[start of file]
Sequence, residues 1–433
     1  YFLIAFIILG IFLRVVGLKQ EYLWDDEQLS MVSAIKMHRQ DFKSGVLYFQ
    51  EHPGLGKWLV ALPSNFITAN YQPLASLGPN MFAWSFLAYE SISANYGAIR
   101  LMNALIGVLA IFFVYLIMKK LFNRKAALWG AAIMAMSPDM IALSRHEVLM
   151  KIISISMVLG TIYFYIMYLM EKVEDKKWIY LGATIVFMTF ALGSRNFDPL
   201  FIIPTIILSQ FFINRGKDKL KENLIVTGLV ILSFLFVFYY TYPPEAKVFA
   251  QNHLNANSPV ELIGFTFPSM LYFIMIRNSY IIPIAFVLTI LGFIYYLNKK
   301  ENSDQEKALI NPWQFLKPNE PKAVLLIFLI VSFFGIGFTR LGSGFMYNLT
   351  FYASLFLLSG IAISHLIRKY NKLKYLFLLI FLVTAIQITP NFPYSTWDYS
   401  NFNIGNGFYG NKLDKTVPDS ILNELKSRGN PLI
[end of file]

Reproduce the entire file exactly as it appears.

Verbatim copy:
Sequence, residues 1–433
     1  YFLIAFIILG IFLRVVGLKQ EYLWDDEQLS MVSAIKMHRQ DFKSGVLYFQ
    51  EHPGLGKWLV ALPSNFITAN YQPLASLGPN MFAWSFLAYE SISANYGAIR
   101  LMNALIGVLA IFFVYLIMKK LFNRKAALWG AAIMAMSPDM IALSRHEVLM
   151  KIISISMVLG TIYFYIMYLM EKVEDKKWIY LGATIVFMTF ALGSRNFDPL
   201  FIIPTIILSQ FFINRGKDKL KENLIVTGLV ILSFLFVFYY TYPPEAKVFA
   251  QNHLNANSPV ELIGFTFPSM LYFIMIRNSY IIPIAFVLTI LGFIYYLNKK
   301  ENSDQEKALI NPWQFLKPNE PKAVLLIFLI VSFFGIGFTR LGSGFMYNLT
   351  FYASLFLLSG IAISHLIRKY NKLKYLFLLI FLVTAIQITP NFPYSTWDYS
   401  NFNIGNGFYG NKLDKTVPDS ILNELKSRGN PLI